Passing seven billion
By Jorge Silva
It was during my eternal search for unique moments to capture that I was witness to the most spectacular and magical event – the arrival of a new life.
The United Nations announced the pending birth of the planet’s inhabitant number 7,000,000 for October 31, and that gave me the chance to work on a series of photos that became the most emotional and satisfying of my career.
The moment a baby is born is doubtless one of the most intimate and special in the life of a woman and her family, and sharing that intimacy as a privileged observer was sensational. To live that experience without having become a father yet was even more moving.
All emotions came to the surface during the birthing. The most intense pain together with the most tender caresses and great joy, all played together during the demonstration of tireless work and strength of the medical staff. They were images of the efforts necessary to give birth, and the struggle for integral health.
Inside the maternity services in Caracas I focused my story on the contrasting visions of the public health system called Barrio Adentro (Into the Shantytowns) run by doctors from the Cuban mission in Guatire, in the slums of Caracas, and that of the Aquamater Clinic, a private hospital specializing in underwater birthing in Caracas’ wealthier east.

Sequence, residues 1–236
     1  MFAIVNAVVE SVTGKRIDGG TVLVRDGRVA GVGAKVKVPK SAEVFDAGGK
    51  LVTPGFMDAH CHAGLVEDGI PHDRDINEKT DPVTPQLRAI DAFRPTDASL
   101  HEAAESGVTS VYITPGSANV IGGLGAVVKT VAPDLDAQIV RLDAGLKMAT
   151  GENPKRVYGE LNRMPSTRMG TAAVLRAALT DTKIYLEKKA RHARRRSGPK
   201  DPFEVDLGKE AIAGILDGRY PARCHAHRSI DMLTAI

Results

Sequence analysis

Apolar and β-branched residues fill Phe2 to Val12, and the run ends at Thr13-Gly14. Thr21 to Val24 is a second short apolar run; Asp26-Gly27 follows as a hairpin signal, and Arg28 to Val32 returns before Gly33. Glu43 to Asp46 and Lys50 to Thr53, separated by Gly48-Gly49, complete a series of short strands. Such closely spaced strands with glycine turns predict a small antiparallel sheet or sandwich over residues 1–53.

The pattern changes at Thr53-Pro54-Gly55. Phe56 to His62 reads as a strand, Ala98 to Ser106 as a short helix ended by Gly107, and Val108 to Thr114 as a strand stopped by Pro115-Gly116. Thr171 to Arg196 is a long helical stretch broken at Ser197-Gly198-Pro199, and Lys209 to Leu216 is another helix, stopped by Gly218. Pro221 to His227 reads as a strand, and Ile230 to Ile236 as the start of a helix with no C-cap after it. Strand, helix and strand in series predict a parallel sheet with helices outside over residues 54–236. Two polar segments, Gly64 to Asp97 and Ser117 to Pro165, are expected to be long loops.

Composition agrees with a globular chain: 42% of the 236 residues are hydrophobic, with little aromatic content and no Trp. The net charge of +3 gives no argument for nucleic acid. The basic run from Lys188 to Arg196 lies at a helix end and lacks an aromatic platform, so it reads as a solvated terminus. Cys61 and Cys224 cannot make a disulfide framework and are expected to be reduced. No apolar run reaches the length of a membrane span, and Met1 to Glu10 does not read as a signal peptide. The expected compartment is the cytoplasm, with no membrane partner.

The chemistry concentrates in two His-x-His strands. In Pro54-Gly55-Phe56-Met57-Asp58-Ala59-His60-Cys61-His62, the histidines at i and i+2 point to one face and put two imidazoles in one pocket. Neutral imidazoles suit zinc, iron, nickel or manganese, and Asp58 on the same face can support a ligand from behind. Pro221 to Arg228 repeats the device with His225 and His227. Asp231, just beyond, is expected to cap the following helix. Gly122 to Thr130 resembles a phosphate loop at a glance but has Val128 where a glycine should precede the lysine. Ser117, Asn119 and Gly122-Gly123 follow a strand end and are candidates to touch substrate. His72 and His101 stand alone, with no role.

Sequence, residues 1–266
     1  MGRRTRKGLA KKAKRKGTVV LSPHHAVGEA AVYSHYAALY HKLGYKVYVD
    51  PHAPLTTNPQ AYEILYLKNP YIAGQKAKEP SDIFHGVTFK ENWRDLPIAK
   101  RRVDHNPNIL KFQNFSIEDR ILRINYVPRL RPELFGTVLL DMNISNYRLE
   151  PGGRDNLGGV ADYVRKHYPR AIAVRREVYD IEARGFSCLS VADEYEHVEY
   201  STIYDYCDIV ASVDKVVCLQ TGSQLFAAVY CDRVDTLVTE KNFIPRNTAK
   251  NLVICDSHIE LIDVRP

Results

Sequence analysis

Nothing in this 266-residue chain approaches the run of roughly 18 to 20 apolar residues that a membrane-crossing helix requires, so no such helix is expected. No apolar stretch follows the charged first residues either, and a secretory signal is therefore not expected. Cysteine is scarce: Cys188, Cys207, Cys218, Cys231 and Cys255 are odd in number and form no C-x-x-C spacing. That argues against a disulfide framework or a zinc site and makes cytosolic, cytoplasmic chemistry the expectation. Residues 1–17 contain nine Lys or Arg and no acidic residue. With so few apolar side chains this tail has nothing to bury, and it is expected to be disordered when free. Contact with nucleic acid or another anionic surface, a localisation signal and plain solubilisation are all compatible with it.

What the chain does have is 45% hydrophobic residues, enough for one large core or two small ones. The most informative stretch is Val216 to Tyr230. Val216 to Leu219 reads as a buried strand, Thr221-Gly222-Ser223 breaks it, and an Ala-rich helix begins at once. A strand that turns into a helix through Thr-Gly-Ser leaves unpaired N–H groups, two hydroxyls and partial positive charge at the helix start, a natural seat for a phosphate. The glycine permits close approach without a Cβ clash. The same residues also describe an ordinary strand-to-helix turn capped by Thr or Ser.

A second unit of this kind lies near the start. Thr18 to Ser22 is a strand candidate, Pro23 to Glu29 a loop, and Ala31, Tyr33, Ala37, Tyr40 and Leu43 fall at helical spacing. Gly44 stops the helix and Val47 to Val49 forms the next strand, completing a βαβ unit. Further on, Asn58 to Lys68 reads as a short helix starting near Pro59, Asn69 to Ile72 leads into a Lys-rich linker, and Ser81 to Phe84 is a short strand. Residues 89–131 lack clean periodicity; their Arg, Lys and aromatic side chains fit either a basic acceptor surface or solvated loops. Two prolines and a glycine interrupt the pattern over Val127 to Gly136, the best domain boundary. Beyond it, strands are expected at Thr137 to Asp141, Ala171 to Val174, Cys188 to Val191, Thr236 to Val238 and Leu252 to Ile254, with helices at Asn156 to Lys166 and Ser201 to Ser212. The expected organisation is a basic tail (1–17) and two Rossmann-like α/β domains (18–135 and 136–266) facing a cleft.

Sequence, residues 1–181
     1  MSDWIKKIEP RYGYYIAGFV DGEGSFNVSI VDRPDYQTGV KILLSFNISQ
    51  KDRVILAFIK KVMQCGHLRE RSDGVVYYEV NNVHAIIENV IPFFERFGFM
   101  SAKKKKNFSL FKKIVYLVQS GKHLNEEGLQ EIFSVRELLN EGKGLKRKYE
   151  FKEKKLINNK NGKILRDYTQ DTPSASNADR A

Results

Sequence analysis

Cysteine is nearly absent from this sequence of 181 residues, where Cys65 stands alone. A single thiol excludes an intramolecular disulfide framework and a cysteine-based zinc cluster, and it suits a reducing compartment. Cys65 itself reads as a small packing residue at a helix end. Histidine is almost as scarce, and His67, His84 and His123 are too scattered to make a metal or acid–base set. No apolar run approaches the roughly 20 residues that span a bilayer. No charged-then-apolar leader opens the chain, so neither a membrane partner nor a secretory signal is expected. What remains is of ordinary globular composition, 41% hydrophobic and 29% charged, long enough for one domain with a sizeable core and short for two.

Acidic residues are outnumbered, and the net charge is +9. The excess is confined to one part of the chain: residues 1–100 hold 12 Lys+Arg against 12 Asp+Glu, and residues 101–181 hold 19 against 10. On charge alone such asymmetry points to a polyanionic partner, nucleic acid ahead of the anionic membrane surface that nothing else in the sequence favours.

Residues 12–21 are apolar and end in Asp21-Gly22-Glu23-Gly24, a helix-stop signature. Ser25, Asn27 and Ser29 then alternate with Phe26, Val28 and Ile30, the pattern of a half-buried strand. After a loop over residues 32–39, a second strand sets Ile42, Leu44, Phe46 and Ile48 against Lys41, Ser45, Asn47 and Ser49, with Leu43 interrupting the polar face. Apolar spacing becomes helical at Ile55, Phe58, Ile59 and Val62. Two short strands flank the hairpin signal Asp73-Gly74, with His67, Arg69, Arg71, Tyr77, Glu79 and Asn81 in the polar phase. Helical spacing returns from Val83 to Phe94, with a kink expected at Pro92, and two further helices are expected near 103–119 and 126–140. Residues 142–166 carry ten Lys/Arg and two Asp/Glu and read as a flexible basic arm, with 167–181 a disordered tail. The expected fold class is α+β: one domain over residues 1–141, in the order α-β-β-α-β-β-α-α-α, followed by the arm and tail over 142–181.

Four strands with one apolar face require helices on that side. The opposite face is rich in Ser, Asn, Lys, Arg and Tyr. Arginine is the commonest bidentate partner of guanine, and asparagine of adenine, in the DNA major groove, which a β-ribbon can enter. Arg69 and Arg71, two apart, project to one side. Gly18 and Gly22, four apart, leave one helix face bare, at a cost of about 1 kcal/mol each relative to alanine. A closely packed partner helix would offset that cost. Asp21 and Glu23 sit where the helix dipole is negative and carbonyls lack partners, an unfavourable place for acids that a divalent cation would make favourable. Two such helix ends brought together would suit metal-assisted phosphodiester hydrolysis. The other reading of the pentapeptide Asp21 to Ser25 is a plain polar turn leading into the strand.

In Aquamater births take time. I followed their work throughout the entire process, sometimes for more than ten hours under dim light and the music of choice of the mother-to-be. I photographed prenatal courses and practice sessions submerged in water. I was awoken at 4 am one day as a couple prepared for the real thing.
In contrast with Aquamater, it only took a few minutes at the Guatire maternity ward to witness the first mother giving birth, followed by another and another. The work there was nonstop, 24 hours a day, in a dozen birthing rooms that seemed like the stages for a ballet of synchronized blue robes.
Venezuela, with its nearly 30 million inhabitants, has taken on the goal of reducing infant mortality to 10.43 per thousand before 2015. In 1990 the mortality rate for children under five was 31.30. In 2010 it had already dropped to 15.98.
The fact that the world’s population has reached seven billion, without taking into account when and how we’re all born, should make us all reflect on the multiple challenges that we face as human beings on Earth. Each day life expectancy grows longer, but so does the gap between rich and poor, the threats to the environment, and the challenges of providing enough food and potable water to the world’s population.
I want to thank the mothers who gave birth, their husbands and companions, and the doctors and nurses with whom I shared this experience. Their efforts to protect life and health earned my maximum admiration and respect.